Home/ News / India/  The benefits and shortcomings of rural jobs scheme

Following the lockdown, India witnessed an exodus of jobless migrant workers from cities to rural areas. The workers turned to MGNREGS to earn their livelihood. The key question is whether the programme is adequate in providing the required support. Mint finds out.

What role does MGNREGS play?

The Mahatma Gandhi National Rural Employment Guarantee Scheme (MGNREGS) is meant to enhance the livelihood of the rural populace by guaranteeing at least 100 days of employment within 15 days of raising a demand, to every household wherein the adult members perform unskilled manual labour. The covid-induced lockdown resulted in loss of livelihoods for millions of workers in cities and forced them to return home in rural areas. With an allocation of 40,000 crore, as a part of the stimulus package to MGNREGS, the government hopes to increase employment generation in rural areas.

Lockdown impact
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Lockdown impact

Can MGNREGS cover millions in rural areas?

The scheme is often viewed as a means for employment in rural areas during the lean period of agricultural activity. Therefore, demand for work generally peaks in May-June, before it declines during the main kharif cropping season. Currently, the demand is even higher, since it is not just the landless agricultural labourers, but also migrants seeking work. In order to gainfully employ the home-bound workers, the scheme would have to expand its scope in terms of projects and offer jobs beyond the 100-day mark because even if the workers wish to go back to cities, those jobs will not be available anytime soon.

Is there demand for work under MGNREGS?

The demand for MGNREGS work jumped by 55% from 21.2 million workers in May 2019 to 32.9 million in May 2020. Since April, 3.5 million new workers have registered under the scheme reflecting the job losses in cities. The 116 districts, with the highest number of returnees, have witnessed 86% increase in demand under MGNREGS in May from a year ago.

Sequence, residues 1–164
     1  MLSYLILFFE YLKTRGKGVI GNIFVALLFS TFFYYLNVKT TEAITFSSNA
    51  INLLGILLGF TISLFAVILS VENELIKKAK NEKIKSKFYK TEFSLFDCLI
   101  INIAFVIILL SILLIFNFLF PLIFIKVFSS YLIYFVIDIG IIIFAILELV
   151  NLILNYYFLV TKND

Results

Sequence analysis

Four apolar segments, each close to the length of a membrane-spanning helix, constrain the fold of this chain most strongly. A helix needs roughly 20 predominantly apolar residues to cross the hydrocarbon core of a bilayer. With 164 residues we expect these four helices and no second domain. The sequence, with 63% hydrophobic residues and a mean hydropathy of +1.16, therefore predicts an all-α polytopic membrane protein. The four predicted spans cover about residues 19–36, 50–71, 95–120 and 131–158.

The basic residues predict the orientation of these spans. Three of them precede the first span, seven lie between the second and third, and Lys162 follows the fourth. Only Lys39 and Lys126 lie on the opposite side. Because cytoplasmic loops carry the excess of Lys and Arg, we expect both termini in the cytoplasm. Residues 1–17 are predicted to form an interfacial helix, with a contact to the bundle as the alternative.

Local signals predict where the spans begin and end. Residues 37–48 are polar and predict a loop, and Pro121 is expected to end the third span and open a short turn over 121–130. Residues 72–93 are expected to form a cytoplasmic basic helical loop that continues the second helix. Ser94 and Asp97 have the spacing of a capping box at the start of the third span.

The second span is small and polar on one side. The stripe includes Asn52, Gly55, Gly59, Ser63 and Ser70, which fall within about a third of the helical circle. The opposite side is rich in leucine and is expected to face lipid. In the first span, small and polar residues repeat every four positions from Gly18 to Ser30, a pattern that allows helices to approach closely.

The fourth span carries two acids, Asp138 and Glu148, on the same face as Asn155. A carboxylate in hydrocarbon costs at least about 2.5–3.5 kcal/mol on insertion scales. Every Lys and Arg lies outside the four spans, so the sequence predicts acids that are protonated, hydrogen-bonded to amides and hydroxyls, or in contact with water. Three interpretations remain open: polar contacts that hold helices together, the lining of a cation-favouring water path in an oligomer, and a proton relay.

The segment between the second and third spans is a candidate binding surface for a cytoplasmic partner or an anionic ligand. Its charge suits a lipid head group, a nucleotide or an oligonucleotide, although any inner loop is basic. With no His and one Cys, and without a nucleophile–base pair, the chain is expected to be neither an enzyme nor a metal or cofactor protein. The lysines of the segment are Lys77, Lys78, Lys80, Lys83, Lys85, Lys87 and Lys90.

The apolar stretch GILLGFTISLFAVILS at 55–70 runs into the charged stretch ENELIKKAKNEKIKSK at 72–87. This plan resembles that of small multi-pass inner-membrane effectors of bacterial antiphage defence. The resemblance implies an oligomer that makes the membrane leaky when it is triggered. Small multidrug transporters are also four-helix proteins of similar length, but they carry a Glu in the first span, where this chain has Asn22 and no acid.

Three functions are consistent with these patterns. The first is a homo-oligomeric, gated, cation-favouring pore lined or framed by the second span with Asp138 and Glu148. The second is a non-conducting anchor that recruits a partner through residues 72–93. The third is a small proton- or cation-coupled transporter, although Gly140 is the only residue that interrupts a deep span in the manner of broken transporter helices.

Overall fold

What are the concerns regarding the scheme?

Most states have implemented the scheme, till the time the funds were granted to them by Centre. Over time, this led to MGNREGS running in a supply-driven way instead of a demand-based model. However, the restricted supply of funds is one of the major pitfalls of the scheme. Besides, often the promise of 100-day employment phases out within 50-55 days, wages remain uncleared even after 15 days, and many get denied work. MGNREGS wage of 202 per day is also 30-40% lower than average wage offered to unskilled workers.

How is the govt’s GKRA Yojana any different?

The Centre launched the scheme to boost opportunities for migrants returning to villages. Its seeks to provide 125 days of guaranteed employment and focuses on 116 districts across six states, which received the highest number of returnees. Unlike MGNREGS, it is a one-time scheme and is not available pan-India. The move was criticized because MGNERGS has suffered budget cuts and has often lagged. There also seems to be lack of clarity around scheme coverage.

Jhoomar Mehta is a Delhi-based development finance consultant

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Updated: 01 Jul 2020, 09:20 PM IST
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